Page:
"...if 30 years of exposure to the challenges inherent in our system has taught me anything, it has taught me that this work will require a leader who can operate with the full faith of Congress and the American people, and without distraction.
Right now, I am not that leader, and will not be a distraction. The focus of Congress should be on the urgent business of moving the president's economic agenda forward, including affordable health care for every American."
Personally, I think that Daschle withdrawing his nomination is a positive outcome. Just the other day I expressed my concern over Daschle's numerous conflicts of interest and the fact that Daschle represents anything but the change that Obama has stated that he will bring to Washington.
One need only look as far as the level of support that Daschle has received from figures such as Bob Dole and other members of Congress despite his reputation outside the beltway of making millions pushing for the interests of big pharma. How ironic that he would then be tapped to oversee the industry that helped make him so much money. It is also telling the amount of "shock" that is being expressed by various members of Congress in reacting to Daschle's announcement today.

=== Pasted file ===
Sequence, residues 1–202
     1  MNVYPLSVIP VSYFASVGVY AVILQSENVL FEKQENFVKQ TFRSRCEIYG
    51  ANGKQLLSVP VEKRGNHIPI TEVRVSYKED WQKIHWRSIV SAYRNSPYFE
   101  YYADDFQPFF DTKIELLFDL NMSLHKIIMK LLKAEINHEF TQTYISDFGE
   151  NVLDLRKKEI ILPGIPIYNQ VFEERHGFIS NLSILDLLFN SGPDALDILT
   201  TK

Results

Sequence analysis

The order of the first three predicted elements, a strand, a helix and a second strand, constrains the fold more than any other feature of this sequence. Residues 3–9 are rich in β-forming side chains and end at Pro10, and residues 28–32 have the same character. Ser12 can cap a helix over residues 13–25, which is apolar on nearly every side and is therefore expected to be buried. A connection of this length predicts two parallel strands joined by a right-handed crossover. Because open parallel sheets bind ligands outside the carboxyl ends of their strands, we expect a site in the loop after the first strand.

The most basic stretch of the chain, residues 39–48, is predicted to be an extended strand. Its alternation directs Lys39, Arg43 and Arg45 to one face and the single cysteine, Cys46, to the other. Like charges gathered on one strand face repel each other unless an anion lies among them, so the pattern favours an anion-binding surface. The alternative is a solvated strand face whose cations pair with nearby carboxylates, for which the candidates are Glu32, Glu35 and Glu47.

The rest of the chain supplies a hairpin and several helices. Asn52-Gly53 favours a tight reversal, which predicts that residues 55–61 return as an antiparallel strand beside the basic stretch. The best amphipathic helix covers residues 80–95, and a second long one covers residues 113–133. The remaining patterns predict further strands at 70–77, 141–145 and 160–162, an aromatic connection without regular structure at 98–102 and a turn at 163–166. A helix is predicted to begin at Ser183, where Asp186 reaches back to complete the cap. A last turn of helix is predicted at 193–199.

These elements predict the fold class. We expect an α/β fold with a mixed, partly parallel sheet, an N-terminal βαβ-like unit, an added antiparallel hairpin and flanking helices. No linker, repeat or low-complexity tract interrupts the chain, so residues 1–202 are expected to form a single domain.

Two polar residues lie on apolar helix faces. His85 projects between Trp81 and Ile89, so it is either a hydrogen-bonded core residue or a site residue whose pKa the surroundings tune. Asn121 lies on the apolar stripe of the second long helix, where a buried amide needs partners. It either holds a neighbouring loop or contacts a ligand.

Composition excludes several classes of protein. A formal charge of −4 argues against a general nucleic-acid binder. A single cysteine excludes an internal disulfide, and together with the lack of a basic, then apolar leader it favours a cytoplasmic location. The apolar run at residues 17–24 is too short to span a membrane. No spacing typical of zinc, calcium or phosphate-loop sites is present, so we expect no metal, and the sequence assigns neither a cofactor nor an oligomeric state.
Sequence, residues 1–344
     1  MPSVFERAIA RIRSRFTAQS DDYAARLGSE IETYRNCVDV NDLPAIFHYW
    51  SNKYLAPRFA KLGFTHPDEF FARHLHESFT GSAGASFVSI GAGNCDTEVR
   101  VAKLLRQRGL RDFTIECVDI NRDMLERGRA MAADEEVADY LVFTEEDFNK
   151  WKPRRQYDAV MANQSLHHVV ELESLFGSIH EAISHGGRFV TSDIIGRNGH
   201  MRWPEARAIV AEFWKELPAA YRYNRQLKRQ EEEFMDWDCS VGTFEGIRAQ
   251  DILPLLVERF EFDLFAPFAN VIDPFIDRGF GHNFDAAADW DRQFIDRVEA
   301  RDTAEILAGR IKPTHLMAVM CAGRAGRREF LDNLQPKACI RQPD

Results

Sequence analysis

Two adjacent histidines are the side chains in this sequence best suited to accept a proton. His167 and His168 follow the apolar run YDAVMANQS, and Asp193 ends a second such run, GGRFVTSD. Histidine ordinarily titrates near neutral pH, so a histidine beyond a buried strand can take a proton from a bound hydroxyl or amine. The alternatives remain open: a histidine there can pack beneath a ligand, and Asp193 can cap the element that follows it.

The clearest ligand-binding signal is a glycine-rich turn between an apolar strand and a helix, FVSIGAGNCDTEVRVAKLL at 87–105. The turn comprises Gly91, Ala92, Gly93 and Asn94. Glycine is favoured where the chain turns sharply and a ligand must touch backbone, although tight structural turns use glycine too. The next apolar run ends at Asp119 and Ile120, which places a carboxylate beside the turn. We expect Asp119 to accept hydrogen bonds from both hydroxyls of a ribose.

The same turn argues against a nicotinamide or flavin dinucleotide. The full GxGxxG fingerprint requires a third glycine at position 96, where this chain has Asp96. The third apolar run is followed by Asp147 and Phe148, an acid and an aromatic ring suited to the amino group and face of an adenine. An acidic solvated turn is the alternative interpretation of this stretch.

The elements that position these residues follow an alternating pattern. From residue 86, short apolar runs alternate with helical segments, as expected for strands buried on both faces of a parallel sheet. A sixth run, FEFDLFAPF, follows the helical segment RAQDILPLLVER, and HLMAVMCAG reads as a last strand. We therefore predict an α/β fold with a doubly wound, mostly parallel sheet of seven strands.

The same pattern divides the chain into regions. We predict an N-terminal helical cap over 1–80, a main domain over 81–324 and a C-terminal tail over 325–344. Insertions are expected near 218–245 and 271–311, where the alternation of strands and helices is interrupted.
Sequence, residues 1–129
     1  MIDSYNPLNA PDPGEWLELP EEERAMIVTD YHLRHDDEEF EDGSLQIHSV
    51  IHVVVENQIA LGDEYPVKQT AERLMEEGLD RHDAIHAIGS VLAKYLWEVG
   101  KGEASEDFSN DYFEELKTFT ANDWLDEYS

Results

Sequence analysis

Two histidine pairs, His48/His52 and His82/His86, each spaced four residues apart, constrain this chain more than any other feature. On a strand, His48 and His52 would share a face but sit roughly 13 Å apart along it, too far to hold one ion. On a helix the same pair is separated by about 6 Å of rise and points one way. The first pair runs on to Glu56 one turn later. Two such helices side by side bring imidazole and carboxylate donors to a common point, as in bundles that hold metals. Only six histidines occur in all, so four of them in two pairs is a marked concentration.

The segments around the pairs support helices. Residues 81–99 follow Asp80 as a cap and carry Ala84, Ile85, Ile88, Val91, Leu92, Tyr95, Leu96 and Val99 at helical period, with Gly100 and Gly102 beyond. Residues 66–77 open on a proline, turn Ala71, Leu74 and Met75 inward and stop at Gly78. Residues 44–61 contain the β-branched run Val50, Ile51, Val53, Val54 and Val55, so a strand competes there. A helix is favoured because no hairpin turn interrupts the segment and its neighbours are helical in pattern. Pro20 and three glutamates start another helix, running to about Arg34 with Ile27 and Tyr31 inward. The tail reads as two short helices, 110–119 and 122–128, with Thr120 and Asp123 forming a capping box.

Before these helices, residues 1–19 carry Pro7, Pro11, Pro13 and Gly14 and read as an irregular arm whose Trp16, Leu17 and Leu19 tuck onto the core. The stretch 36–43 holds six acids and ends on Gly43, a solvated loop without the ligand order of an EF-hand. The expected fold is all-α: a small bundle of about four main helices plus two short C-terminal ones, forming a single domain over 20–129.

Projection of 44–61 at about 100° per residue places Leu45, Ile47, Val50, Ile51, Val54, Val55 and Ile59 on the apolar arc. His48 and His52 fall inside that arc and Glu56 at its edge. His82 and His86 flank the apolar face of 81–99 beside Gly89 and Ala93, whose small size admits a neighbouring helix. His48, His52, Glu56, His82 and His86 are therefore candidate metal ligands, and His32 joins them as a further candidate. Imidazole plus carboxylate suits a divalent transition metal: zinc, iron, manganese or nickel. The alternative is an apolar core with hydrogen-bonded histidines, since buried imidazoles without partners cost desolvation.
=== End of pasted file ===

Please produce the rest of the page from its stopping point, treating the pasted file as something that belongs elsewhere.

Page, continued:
“To tell you the truth, I’m in shock," said Senator Diane Feinstein (D-CA). Senator John Kerry even suggested that Daschle's problems are overblown and should not be held against him when you take into account the larger picture. “We’re getting silly here, and people ought to step back and measure these things against the larger picture,” Kerry said, “We’re going to miss his talents being directly involved in the health care reform effort.”
The only surprise that I am feeling is that Daschle decided to withdraw at all. Despite all of these troubles, the vast support for his nomination to this position made it clear that he would have no trouble being confirmed. Washington has operated like this for years and the staunch support of Daschle from all of his beltway friends is a prime example of why he is not a good fit for an Obama White House that wants to change this very system.
Hopefully Obama will take this opportunity to choose a more progressive thinking champion for health care reform when he nominates a replacement for Daschle. It would be a refreshing step-up from a beltway politician who has vast interest in big pharma industries and it would be an indication that Obama is serious about reforming our broken health care system. As The Nation's John Nichols put in his piece this afternoon:
No one -- or, at least, no one who is invested either in securing real health care reform or seeing an Obama presidency succeed -- should mourn Daschle's departure. Daschle was always a better fit with Bush's administration than Obama's.